Jenné B. Ayers
Jenné B. Ayers is a Ph.D. in Law candidate at Yale. She is a graduate of Harvard College and Yale Law School. Her research focuses on the laws, political institutions, and administrative agencies regulating local economies. This research draws upon local government law, constitutional law, the history of political thought, and empirical legal studies.
Beau J. Baumann
Beau Baumann is a Ph.D. in Law candidate at Yale. His research is focused at the intersection of administrative law and legislation. His scholarship describes how institutional developments in Congress and ideas about congressional decline have affected administrative law doctrine. His work has been published in the Georgetown Law Journal, the Cornell Journal of Law and Public Policy, the Pace Law Review, and the online editions of the Notre Dame and University of Pennsylvania Law Reviews. His research at Yale is focused on the rise of the “congressional bureaucracy” and how congressional bureaucrats influenced the Progressive Era and the New Deal.
Reginald Dwayne Betts is a Ph.D. in Law candidate at Yale. His major research interests are administrative law, criminal law, empirical legal studies, and law and literature. He holds a B.A. from the University of Maryland and a J.D. from Yale Law School. Prior to law school, Dwayne was a Radcliffe Fellow at Harvard’s Radcliffe Institute of Advanced Studies and a Soros Justice Fellow. In addition, he served by appointment of former President Barack Obama as a practitioner member of the Office of Juvenile Justice and Delinquency Prevention.
Danieli Evans Peterman
Danieli Evans Peterman is a Ph.D. in Law candidate at Yale, and a Research Scholar at the Justice Collaboratory at Yale Law School. Danieli researches and writes about the causes and consequences of social exclusion, alienation, and inequality. She aims to identify and develop alternatives that facilitate participation and engagement, and thereby encourage pro-social behavior and social/economic mobility. Danieli holds a B.A. from the University of Miami and a J.D. from Yale Law School. After law school, Danieli clerked for the Honorable Diane P. Wood of the Seventh Circuit and the Honorable Harry T. Edwards of the D.C. Circuit. She also practiced at Kellogg, Huber, Hansen, Todd, Evans & Figel, and then served as a fellow in constitutional studies at the National Constitution Center.
Lauren Libby is a Ph.D. candidate in Yale Law School’s doctorate degree program. Her research focuses on the intersection of tax, constitutional law, and American legal history. Prior to joining Yale’s Ph.D. in Law program, Lauren practiced as an attorney at Covington & Burling LLP, advising corporate and individual clients on federal and international tax issues. Lauren has also testified before the United States Congress and the Pennsylvania General Assembly. Lauren’s work has appeared in Politico, as well as tax trade publications.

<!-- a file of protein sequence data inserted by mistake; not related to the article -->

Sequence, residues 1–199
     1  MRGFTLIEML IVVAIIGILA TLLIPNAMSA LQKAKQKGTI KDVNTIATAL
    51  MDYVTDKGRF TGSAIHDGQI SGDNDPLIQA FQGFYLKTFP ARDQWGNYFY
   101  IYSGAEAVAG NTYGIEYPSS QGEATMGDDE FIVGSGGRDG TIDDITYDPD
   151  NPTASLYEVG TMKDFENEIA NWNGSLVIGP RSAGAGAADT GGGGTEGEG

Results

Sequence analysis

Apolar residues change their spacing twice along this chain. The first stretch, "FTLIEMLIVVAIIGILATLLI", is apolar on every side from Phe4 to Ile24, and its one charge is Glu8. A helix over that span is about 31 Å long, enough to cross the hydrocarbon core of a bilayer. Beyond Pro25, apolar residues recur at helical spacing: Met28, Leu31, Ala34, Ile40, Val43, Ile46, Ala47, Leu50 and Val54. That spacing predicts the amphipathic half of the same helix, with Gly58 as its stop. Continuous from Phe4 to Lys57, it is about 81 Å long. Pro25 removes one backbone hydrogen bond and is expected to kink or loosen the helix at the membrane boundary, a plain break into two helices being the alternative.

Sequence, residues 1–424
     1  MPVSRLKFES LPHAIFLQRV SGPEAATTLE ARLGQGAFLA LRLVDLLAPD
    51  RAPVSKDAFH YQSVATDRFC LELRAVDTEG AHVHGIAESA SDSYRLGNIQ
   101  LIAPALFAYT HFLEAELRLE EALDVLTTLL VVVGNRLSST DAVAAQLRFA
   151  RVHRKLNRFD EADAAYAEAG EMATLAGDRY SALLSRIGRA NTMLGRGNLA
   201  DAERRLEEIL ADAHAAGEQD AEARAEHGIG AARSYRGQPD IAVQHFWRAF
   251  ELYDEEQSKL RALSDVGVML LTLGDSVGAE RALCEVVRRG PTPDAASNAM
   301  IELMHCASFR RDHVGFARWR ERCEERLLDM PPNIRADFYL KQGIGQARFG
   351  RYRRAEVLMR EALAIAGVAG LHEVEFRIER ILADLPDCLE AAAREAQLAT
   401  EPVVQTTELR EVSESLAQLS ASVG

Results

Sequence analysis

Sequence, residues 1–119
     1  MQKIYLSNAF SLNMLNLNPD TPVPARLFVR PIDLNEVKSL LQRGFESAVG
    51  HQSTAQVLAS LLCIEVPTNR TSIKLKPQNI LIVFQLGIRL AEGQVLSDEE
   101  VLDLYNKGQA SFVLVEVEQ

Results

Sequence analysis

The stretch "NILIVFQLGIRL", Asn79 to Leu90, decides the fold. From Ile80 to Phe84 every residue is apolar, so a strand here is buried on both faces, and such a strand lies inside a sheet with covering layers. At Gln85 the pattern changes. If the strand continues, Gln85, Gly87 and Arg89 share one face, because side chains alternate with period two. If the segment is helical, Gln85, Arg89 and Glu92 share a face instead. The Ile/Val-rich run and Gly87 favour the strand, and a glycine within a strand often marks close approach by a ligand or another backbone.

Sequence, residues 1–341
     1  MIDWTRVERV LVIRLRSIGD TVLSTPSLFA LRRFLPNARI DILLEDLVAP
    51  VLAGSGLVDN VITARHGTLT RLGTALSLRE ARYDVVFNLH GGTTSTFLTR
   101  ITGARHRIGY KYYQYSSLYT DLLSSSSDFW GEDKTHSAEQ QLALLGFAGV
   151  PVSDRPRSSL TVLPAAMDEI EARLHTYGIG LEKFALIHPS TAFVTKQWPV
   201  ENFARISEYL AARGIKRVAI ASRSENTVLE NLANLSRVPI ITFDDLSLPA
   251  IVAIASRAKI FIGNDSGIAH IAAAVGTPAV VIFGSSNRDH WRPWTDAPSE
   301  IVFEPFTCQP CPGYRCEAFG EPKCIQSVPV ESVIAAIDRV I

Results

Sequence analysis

Spencer Livingstone is a Ph.D. in Law candidate at Yale and a Resident Fellow of the Information Society Project. Originally from Toronto, Canada, he received his B.A. with honors in Philosophy from Hamilton College, and his J.D. magna cum laude from Harvard Law School. At Harvard, he served as the Articles, Book Reviews, and Commentaries Chair of the Harvard Law Review. Prior to his doctoral studies, he served as a law clerk in the chambers of the Honorable Michael J. Moldaver of the Supreme Court of Canada.
Portia Pedro is a Ph.D. in Law candidate at Yale. Portia's work systematizes the study of civil procedure. She analyzes the ways that judges use decisionmaking processes to navigate the tensions between law and equity, standards and rules, and rule of law versus individualized justice. Portia holds a J.D. from Harvard Law School and a B.A. in International Development Studies from the University of California, Los Angeles. During law school, she served as Treasurer and Vice President of the Harvard Law Review. Prior to her doctoral studies, Portia served as a clerk to the Honorable Joseph A. Greenaway, Jr., of the Third Circuit. As a member of the New York State Bar, she practiced at Debevoise & Plimpton LLP as a litigation associate in New York, and as a John J. Gibbons Fellow in Public Interest and Constitutional Law at Gibbons P.C. in Newark, New Jersey.
Adam Posluns is a Ph.D. in Law candidate at Yale and a Resident Fellow of the Information Society Project. His research interests include surveillance and digital privacy, online speech and misinformation, and constitutional and legal theory. Adam completed his LL.M. at Harvard Law School as a Fulbright Scholar. He holds a J.D. from the University of Toronto, Faculty of Law, where he was a Human Rights Fellow and a senior editor of the Law Review. He also has an M.A. from the University of Chicago, with a focus on moral and political theory, and a B.A. from McGill University. After law school, he worked as a litigator in Toronto and served as a judicial clerk.
Amanda Shanor is a Ph.D. in Law candidate at Yale. Her research focuses on constitutional and administrative law, speech and association, and their intersection with the behavioral sciences. A graduate of Yale Law School and Yale College, Amanda served as a law clerk to the Honorable Cornelia T.L. Pillard and the Honorable Judith W. Rogers of the D.C. Circuit and the Honorable Robert W. Sweet of the Southern District of New York.